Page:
Eight Decades of Unrest
Dr. Joseph Warren’s life has often been reduced to the afternoon of June 17, 1775 when he was killed at the battle of Bunker Hill and catapulted to martyrdom status. Although appointed a major general in the Provincial Army, Warren chose to fight as a volunteer alongside his patriot brethren. He was killed in the last seconds of the battle as he was covering his retreating men, when a musket ball struck him in the face. After Crown soldiers stripped his clothes and his possessions, they mutilated Warren’s body with bayonets and tossed his corpse into a shallow ditch. British Lt. Walter Laurie, in charge of the burial detail, wrote, “Doctor Warren, president of the Provincial Congress…and next to [Samuel] Adams in abilities, I found among the slain and stuffed the scoundrel with another rebel, into one hole, and there he and his seditious principles may remain.” Nine months later British forces evacuated finally ending the siege of Boston. John Warren, Joseph’s youngest brother, was one of the first people given permission by General George Washington to enter the besieged area of Breed’s Hill in Charlestown: “This day I visit Charlestown, and a most melancholy heap of ruins it is…When I consider that perhaps…I might be standing over the remains of a dear Brother, whose blood had stained these hallowed walks…how many endearing Scenes of paternal friendship [were] now past and gone forever.”
A local Church sexton claimed to know the vicinity of Warren’s temporary grave and on April 4, 1776, he led two of Warren’s brothers to the area. They began to carefully dig until “a corpse began to appear” less than three feet underground. With Warren’s body horribly decomposed, both brothers—distressed and emotional—left the scene. The remains were verified by the two artificial teeth that had been “fastened in with gold wire” just prior to his death. Warren’s remains were brought to the old statehouse where they lay in state for several days. On April 8, Warren’s body was carried to King’s Chapel where hundreds of mourners paid their respects. Warren was then laid to rest in the Old Granary Burial Ground surrounded by Boston’s finest dignitaries as well as the five victims of the Boston Massacre.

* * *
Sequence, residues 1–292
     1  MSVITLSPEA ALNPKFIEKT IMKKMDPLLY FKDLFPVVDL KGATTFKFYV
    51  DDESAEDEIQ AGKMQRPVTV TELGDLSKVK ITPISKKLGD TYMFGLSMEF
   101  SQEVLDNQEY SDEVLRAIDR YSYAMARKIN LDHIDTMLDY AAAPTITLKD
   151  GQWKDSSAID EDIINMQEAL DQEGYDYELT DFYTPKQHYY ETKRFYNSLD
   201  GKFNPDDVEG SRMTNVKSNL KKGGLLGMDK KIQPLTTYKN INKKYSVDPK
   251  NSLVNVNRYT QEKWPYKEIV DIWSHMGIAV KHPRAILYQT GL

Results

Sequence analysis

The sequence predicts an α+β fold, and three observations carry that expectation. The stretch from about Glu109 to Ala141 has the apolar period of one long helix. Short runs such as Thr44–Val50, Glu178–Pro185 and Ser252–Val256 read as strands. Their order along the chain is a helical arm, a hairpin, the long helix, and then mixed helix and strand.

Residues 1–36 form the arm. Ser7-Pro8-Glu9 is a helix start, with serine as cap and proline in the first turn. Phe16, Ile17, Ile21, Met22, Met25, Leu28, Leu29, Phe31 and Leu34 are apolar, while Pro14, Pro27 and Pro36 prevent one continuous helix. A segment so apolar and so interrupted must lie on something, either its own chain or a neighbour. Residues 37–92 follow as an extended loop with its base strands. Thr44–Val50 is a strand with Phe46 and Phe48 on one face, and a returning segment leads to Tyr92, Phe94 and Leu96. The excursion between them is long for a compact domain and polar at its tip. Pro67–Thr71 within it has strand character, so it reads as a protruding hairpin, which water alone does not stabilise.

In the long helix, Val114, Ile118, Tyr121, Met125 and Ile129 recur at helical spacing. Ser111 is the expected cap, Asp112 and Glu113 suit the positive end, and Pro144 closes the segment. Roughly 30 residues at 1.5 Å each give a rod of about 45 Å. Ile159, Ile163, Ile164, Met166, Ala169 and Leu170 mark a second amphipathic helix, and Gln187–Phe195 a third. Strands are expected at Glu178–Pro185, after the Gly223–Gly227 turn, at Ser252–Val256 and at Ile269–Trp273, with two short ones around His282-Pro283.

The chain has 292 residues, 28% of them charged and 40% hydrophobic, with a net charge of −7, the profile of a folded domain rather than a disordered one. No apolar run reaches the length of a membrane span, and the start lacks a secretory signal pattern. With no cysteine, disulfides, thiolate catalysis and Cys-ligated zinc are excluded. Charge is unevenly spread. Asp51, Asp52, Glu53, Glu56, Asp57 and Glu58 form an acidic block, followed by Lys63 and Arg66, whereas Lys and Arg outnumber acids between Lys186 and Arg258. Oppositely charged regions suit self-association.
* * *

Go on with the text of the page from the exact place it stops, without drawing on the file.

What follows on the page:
Almost 50 years later, Warren’s nephew, Dr. John Collins Warren removed his uncle’s remains from the Old Granary Burial Ground to an underground vault at St. Paul’s Church. Yet Warren’s postmortem journey didn’t end there. Dr. John Collins Warren had purchased a 500 square foot family plot in the garden cemetery of Forest Hills in Roxbury and began to reinter the remains of his closest family members including General Warren. In 1855, Joseph Warren’s remains were recovered from St. Paul’s Church and daguerreotype images were taken of his skull before he was moved to his final resting place in Forest Hills Cemetery in August 1856, where they currently rest. Warren’s fascinating eight-decade post-mortem journey has rightfully earned him the title as one of the most migratory corpses of all the founding founders.